Court of Appeals of Texas, Third District, Austin
THE 126TH DISTRICT COURT OF TRAVIS COUNTY NO.
D-1-GN-16-004422, THE HONORABLE ORLINDA NARANJO, JUDGE
Chief Justice Rose, Justices Kelly and Smith
Rose, Chief Justice
a sales-tax refund case. CEC Entertainment, Inc. sued Glen
Hegar, Comptroller of Public Accounts of The State of Texas,
and Ken Paxton, Attorney General of The State of Texas
(collectively, the "State") seeking refund, under
the Tax Code's sale-for-resale exemption, of sales taxes
that it paid on purchases of coin-operated gaming equipment
for its Texas Chuck E. Cheese restaurants. The district court
rendered a take-nothing judgment against CEC. On appeal, CEC
raises three issues relating to the Tax Code's
sale-for-resale exemption, the principal and dispositive
issue being CEC's argument that it "transfers"
gaming equipment to its customers while those customers are
playing the games on the equipment. We will affirm the
facts are undisputed, having been established below by
stipulation. CEC owns and operates Chuck E. Cheese
restaurants in Texas. These restaurants provide food,
beverages, and entertainment. The entertainment includes
coin-operated machines-video games, redemption games, skill
games, kiddie rides, and big-attraction games-that, as the
name suggests, restaurant patrons can play or ride by
inserting a coin or token in the machines.
March 2007 and April 2013, CEC purchased and paid sales taxes
on coin-operated game equipment and component parts for use
in its Texas restaurants. CEC later filed claims with the
Comptroller for refund of those sales, arguing that its
purchases of coin-operated machines and component parts are
exempt from the imposition of the sales tax under the Tax
Code's "sale for resale" exemption discussed
below. The Comptroller disputed that the exemption applied
and denied CEC's refund claims. CEC then timely filed the
underlying suit in Travis County district court, seeking a
refund of $2, 411, 522.89, plus statutory interest on that
amount. After a bench trial, the district court rendered a
take-nothing judgment against CEC. CEC perfected this appeal,
asserting in three issues that its purchase of the
coin-operated gaming equipment is exempt from sales tax under
the Tax Code's sale-for-resale exemption.
the facts in this case are not in dispute, our decision turns
on construction of various provisions of Chapter 151 of the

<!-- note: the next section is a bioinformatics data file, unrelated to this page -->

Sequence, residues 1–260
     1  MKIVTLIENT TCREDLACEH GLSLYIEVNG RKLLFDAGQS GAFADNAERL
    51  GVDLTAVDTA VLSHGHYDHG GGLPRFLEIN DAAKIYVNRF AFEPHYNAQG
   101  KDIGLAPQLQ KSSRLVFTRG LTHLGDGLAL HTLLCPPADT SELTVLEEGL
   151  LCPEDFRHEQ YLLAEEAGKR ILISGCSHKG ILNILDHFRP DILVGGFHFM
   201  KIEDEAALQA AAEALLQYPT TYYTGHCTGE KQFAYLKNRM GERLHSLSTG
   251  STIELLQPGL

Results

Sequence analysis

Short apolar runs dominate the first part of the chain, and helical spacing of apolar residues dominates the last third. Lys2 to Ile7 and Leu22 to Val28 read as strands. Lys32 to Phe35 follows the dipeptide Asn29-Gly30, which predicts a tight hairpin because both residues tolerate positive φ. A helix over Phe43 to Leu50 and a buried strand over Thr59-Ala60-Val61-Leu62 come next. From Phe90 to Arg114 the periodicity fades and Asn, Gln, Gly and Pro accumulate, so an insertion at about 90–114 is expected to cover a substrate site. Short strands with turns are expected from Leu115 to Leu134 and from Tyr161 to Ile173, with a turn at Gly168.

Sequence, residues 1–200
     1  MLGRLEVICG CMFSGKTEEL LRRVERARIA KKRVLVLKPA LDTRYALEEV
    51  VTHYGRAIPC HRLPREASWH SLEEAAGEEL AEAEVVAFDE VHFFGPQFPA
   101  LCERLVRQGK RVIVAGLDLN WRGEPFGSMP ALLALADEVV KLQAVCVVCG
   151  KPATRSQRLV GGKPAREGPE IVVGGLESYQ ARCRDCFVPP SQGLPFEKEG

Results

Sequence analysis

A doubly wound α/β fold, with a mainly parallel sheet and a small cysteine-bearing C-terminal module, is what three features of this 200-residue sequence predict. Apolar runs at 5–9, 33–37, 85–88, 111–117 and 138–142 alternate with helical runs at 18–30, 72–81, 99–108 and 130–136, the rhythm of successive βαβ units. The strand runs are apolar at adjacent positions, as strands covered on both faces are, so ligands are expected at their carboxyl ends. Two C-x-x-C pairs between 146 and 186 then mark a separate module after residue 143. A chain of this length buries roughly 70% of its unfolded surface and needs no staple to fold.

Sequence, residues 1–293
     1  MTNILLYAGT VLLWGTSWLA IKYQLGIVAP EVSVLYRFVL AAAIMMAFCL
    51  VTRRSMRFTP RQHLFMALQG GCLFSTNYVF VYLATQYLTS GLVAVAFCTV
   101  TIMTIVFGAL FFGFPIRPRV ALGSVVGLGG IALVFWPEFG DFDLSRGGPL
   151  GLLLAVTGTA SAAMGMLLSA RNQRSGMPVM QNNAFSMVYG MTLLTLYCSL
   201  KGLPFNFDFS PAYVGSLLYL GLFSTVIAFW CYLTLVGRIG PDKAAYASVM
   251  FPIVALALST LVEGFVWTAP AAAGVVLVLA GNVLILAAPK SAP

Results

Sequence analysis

Tax Code. Section 151.051(a) imposes a sales tax
"on each sale of a taxable item in this state."
Tex. Tax Code § 151.051(a). "'Taxable item'
means tangible personal property and taxable services."
Id. § 151.010. There is no dispute that the
coin-operated gaming equipment and component parts are
"tangible personal property," a term that captures
"personal property that can be seen, weighed, measured,
felt, or touched or that is perceptible to the senses in any
other manner." Id. § 151.009.
found in subchapter H set forth numerous exemptions to the
sales tax imposed by Chapter 151. Relevant here, section
151.302(a) states: "The sale for resale of a taxable
item is exempted from the taxes imposed by this
chapter." Id. § 151.302(a). "Sale for
resale" includes, at issue here, the sale of tangible
personal property to a purchaser who acquires the property:
• "for the purpose of reselling it . . .
in the normal course of business . . . as an . . . integral
part of . . . a taxable service," id.
151.006(a)(1) (defining "sale for resale) (emphasis
• "for the purpose of transferring it . .
. as an integral part of a taxable service,"
id. § 151.006(a)(3) (emphasis added).
regard to subsection 151.006(a)(1), the Tax Code does not
define "resell," but it does define "sale or
purchase" as "a transfer of title or possession of
tangible personal property" "when done or performed
for consideration." Id. § 151.005.
"Transfer" is not defined in the Tax Code.
argues that reading these provisions together-i.e.,
subsections 151.006(a)(1)'s and (3)'s descriptions of
"sale for resale" and section 151.005's
definition of "sale or purchase"-an item is exempt
from the sales tax under the sale-for-resale exemption if the
item is "transferred" to a downstream consumer as
an integral part of a service. CEC argues in its first issue
that it is entitled to the sale-for-resale exemption because
it "transfers" the ...